Free-flowing rivers are the freshwater equivalent of wilderness areas.
What is a free-flowing river?
A free-flowing river is largely unaffected by human-made changes to its flow and connectivity. Water, silt, and other natural materials can move along unobstructed. Animals, such as river dolphins and migratory fish, can swim up and down stream at will. And the river itself can swell and shrink naturally, flow at an organic volume and rate, and replenish groundwater sources.
Where are the world’s free-flowing rivers?
Most of the world’s longest rivers have been dammed or otherwise altered. Most long, free-flowing rivers remain only in remote areas that are difficult to be exploited economically (e.g. Arctic), in less developed regions (e.g. Congo), or in places where political conditions make it difficult to build hydropower (e.g. Myanmar).
Why are free-flowing rivers important?
Click on the numbers in the illustration to learn more.
1. Floodplain Agriculture
Connected rivers support sediment transfer to healthy floodplains, which help reduce risks from floods and droughts and provide critical habitats and food sources for animal and plant life. Sediment can also be carried all the way downstream to deltas, which is particularly important as sea levels rise.k
In places around the world, free-flowing rivers hold cultural and spiritual importance.k
Pristine scenery and natural flows often offer recreational and business opportunities, including rafting, fly-fishing and wildlife watching.k
4. Plant and Animal Life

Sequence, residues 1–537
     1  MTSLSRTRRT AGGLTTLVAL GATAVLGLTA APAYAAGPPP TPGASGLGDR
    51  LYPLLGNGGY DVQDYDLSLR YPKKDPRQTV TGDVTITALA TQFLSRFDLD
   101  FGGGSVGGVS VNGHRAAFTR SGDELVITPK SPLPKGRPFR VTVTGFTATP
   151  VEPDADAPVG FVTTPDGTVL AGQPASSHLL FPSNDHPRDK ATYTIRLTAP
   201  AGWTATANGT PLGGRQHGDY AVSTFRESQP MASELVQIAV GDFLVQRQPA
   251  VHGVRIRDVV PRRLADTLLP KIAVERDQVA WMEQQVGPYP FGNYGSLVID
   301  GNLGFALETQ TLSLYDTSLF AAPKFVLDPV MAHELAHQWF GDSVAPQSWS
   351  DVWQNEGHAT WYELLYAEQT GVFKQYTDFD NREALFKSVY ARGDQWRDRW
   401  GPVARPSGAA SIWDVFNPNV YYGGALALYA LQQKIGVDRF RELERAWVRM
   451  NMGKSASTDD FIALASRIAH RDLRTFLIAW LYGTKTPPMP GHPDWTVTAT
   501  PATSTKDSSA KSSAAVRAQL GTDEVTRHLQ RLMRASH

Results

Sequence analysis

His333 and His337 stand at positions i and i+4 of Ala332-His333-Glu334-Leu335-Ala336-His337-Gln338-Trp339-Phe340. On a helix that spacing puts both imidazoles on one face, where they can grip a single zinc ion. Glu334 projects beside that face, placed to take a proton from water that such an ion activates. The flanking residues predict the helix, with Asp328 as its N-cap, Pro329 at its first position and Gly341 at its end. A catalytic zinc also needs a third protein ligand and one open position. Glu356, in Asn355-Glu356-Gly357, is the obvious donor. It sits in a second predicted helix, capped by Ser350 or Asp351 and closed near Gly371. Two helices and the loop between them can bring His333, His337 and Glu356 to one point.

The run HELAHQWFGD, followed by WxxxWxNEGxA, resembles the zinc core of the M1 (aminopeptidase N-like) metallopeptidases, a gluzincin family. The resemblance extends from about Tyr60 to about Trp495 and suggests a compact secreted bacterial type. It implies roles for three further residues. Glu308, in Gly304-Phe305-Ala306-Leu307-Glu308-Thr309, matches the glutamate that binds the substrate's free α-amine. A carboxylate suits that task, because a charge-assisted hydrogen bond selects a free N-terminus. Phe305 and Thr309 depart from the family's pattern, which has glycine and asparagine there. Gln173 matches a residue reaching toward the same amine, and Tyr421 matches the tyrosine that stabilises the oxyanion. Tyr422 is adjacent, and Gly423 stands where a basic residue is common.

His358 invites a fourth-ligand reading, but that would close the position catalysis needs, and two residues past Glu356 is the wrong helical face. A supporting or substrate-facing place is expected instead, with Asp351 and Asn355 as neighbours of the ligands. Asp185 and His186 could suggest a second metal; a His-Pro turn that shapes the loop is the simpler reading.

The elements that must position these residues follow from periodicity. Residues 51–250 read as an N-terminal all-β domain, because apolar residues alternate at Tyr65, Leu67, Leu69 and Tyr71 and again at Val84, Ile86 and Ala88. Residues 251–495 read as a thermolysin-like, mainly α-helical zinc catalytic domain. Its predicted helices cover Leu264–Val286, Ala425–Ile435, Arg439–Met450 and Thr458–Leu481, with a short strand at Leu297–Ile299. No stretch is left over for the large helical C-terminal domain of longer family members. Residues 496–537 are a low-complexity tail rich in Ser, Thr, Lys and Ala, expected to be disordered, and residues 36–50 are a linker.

Rivers with high connectivity are among the most ecologically important freshwater habitats, places where vulnerable species can thrive and adapt to climate change.k
5. Fish Stocks
Tens of millions of people depend on freshwater fish populations, many of which require certain natural conditions, such as seasonal flows and temperature changes, in order to breed and thrive.k
7. Sediment Transfer
Sediment helps build up and maintain deltas. Without it, deltas will succumb to rising sea levels.k
6. Natural river flows recharge vast networks of underground water, which are increasingly strained by growing human demands.k
What prevents a river from flowing freely?
Infrastructure is the biggest culprit in interfering with the flow of a river.
What is WWF doing?
WWF hopes to maintain or increase the number of free-flowing rivers by:
Stopping dams that would devastate communities and wildlife that depend on them
Strengthening and promoting laws that successfully protect rivers
Encouraging leaders at the local level to use data to make better decisions on the ground
Reconnecting rivers through dam removal and other restoration efforts
You can help
WWF needs your voice in protecting the world’s free-flowing rivers. Throughout 2018, we’ll be featuring a variety of actions you can take to stop the construction of bad dams, protect freshwater wildlife, safeguard communities that rely on healthy rivers, and more.